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Re: GCC target_clone support (functionality question)


This message is separated from the question about moving code, as it is a
questions about the functionality of target_clone support.

Right now it looks like target_clone only generates the ifunc handler if there
is a call to the function in the object file.  It does not generate the ifunc
handler if there is no call.

For the default function, it generates the normal name.  This means that any
function that calls the function from a different object module will only get
the standard function.  From a library and user perspective, I think this is
wrong.  Instead the default function should be generated with a different name,
and the ifunc function should list the standard name.  Then you don't have to
change all of the other calls in the object file, the normal ifunc handling
will handle it.  It also means you can more easily put this function in a
library and automatically call the appropriate version.

Do people agree with this assessment, and should I change the code to do this
(for both x86 nd ppc targets)?  If not, what is the reason for the objection?

Consider mvc5.c from the testsuite:

	/* { dg-do compile } */
	/* { dg-require-ifunc "" } */
	/* { dg-options "-fno-inline" } */
	/* { dg-final { scan-assembler-times "foo.ifunc" 6 } } */

	__attribute__((target_clones("default","avx","avx2")))
	int
	foo ()
	{
	  return 10;
	}

	__attribute__((target_clones("default","avx","avx2")))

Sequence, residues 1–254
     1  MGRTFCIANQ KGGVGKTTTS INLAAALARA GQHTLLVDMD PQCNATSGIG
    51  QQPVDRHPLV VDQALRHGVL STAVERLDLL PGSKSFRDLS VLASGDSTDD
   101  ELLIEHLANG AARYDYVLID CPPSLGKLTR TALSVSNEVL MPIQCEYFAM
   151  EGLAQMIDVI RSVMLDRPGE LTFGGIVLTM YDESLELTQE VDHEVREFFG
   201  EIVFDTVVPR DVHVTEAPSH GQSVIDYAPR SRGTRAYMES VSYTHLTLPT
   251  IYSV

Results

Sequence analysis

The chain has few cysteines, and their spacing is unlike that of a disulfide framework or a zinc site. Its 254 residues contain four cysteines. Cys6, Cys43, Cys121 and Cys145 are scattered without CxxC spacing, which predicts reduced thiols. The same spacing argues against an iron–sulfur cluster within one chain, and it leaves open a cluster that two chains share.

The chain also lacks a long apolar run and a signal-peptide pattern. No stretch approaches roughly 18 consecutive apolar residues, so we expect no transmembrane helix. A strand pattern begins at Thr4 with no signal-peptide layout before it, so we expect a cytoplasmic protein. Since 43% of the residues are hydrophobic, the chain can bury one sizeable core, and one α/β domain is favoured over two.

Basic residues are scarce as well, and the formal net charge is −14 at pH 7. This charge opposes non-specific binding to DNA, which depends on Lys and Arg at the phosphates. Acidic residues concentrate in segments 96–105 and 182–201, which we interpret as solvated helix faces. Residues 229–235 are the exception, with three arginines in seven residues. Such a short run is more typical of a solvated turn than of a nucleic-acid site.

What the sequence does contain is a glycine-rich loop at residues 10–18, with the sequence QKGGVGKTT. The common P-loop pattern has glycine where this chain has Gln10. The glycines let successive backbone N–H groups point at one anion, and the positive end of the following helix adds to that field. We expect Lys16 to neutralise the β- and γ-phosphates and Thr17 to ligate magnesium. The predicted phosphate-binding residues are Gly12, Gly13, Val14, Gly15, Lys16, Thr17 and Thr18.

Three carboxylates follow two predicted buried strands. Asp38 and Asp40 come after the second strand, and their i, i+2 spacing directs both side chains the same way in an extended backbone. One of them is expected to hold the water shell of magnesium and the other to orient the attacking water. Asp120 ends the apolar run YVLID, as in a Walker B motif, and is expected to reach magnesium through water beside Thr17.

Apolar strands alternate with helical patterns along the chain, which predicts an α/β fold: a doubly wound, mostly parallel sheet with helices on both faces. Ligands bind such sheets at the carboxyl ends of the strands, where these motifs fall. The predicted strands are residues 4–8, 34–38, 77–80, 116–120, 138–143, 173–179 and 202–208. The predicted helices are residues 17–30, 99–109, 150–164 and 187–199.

int
	bar ()
	{
	  return -foo ();
	}

It generates:

		.file	"mvc5.c"
		.text
		.p2align 4,,15
		.globl	foo
		.type	foo, @function
	foo:
		movl	$10, %eax
		ret

		.type	foo.avx.2, @function
	foo.avx.2:
		movl	$10, %eax
		ret

		.type	foo.avx2.3, @function
	foo.avx2.3:
		movl	$10, %eax
		ret

		.weak	foo.resolver
		.type	foo.resolver, @function
	foo.resolver:
		subq	$8, %rsp
		call	__cpu_indicator_init
		movl	__cpu_model+12(%rip), %eax
		testb	$4, %ah
		je	.L8
		movl	$foo.avx2.3, %eax
		addq	$8, %rsp
		ret
	.L8:
		testb	$2, %ah
		movl	$foo.avx.2, %edx
		movl	$foo, %eax
		cmovne	%rdx, %rax
		addq	$8, %rsp
		ret

		.type	foo.ifunc, @gnu_indirect_function
		.set	foo.ifunc,foo.resolver

	// Note these functions are not referenced

		.type	bar.avx2.1, @function
	bar.avx2.1:
		subq	$8, %rsp
		xorl	%eax, %eax
		call	foo.ifunc
		addq	$8, %rsp
		negl	%eax
		ret

		.type	bar.avx.0, @function
	bar.avx.0:
		subq	$8, %rsp
		xorl	%eax, %eax
		call	foo.ifunc
		addq	$8, %rsp
		negl	%eax
		ret

		.type	bar, @function

	// Note how it calls foo.ifunc instead of foo.

	bar:
		subq	$8, %rsp
		xorl	%eax, %eax
		call	foo.ifunc
		addq	$8, %rsp
		negl	%eax
		ret


Now, if I remove the bar call, and just leave foo it generates:

		.type	foo, @function
	foo:
		movl	$10, %eax
		ret

		.type	foo.avx.0, @function
	foo.avx.0:
		movl	$10, %eax
		ret

		.type	foo.avx2.1, @function
	foo.avx2.1:
		movl	$10, %eax
		ret

Note, it does not generate the resolver at all.

-- 
Michael Meissner, IBM
IBM, M/S 2506R, 550 King Street, Littleton, MA 01460-6245, USA
email: meissner@linux.vnet.ibm.com, phone: +1 (978) 899-4797


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